Ghost aspires to some form of candy-coated Satanism, but has badly misjudged its audience. If their intention was swaying 13 year olds to the dark side with sickeningly sweet melodies, sure, chalk one up for the wicked one. However, this is an album made for metalheads. With the progenitors and practitioners of Satanism residing largely in the deadly serious realm of black metal, Ghost seem more imposter than intermediary. The entire Opus Eponymous experience for that matter feels more like an episode of Scooby-Doo (complete with fully costumed bad guy, Necro-Pope), than Satanic ritual. The lyrics exemplify cliché, and the costumes belong on the Halloween sale rack, but despite these complaints, I can't seem to turn the album off. Who knows, maybe Satan needs a family-friendly face lift after all.

Musically, Ghost dwells along the threshold between classic rock and metal, melding Blue Oyster Cult, Black Sabbath, Deep Purple, and a slew of similar vinyl club favorites dipped it in a touch of evil. The guitars split time between classic rock riffing, occasionally diminishing a 5th or a 2nd for effect, and sliding through simple, yet effective, lead passages. The keys ominously flow in and out, creating an atmosphere reminiscent of classic horror films, while both the drums and bass rely on simplicity, ensuring a continuous surge of head bobs (I couldn't imagine head banging to this album). Vocally, Ghost invokes the power of the Dark Lord with major key harmonies that would make Crosby, Stills, and Nash proud. Utilizing a rather limited, yet comfortable range, Ghost has created a windows down, stereo up, highway driving, Satanic sing along.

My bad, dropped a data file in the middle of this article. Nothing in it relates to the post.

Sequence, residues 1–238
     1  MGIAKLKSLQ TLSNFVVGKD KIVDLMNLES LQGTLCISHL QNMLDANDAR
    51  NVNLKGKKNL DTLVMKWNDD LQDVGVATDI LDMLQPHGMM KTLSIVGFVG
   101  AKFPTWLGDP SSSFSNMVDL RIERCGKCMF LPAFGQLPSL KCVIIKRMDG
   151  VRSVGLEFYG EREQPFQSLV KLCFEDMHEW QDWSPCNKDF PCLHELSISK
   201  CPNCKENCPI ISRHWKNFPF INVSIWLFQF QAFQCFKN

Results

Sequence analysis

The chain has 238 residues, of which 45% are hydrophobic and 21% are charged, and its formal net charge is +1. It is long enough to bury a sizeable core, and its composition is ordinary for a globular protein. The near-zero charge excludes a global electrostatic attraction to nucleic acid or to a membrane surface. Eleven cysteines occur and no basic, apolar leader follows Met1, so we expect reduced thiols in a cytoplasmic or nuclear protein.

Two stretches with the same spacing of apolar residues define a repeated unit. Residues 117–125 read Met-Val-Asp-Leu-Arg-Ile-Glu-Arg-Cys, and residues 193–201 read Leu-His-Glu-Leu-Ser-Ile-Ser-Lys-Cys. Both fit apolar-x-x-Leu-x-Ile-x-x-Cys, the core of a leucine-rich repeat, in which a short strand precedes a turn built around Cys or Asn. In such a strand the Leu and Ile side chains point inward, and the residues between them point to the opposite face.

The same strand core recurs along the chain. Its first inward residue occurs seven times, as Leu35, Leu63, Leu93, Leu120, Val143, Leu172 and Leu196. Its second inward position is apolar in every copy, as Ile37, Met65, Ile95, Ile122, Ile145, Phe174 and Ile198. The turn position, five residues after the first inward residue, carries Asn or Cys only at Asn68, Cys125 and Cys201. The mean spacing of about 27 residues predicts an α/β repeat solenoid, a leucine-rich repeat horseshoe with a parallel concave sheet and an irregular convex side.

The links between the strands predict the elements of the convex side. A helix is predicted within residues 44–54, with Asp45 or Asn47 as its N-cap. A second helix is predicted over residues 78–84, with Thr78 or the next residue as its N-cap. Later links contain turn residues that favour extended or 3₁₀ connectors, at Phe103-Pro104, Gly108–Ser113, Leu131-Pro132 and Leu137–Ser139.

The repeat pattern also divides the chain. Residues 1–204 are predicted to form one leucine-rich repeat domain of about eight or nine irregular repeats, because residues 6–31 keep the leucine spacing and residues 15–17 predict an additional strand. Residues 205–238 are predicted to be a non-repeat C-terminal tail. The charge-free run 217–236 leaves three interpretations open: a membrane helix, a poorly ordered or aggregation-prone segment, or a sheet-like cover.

Opus Eponymous has earned numerous accolades for their songwriting prowess and deservedly so. Rather than pushing the boundaries of what constitutes a song like so many bands that get praised for their songwriting acumen, Ghost focuses on simplicity, reminding us all why the intro-verse-chorus-verse-chorus-bridge-chorus format has made artists around the globe filthy rich and famous. The songs are addicting, sporting well developed, pervasive hooks. Each song on the album is distinct without feeling out of place and sits comfortably between 3 and 5 minutes. In addition, each song features enough build and release to stay fresh, even through repeat spins. Ironically enough, Opus Eponymous is a clinic on writing radio friendly pop songs for a genre that has all but shunned radio.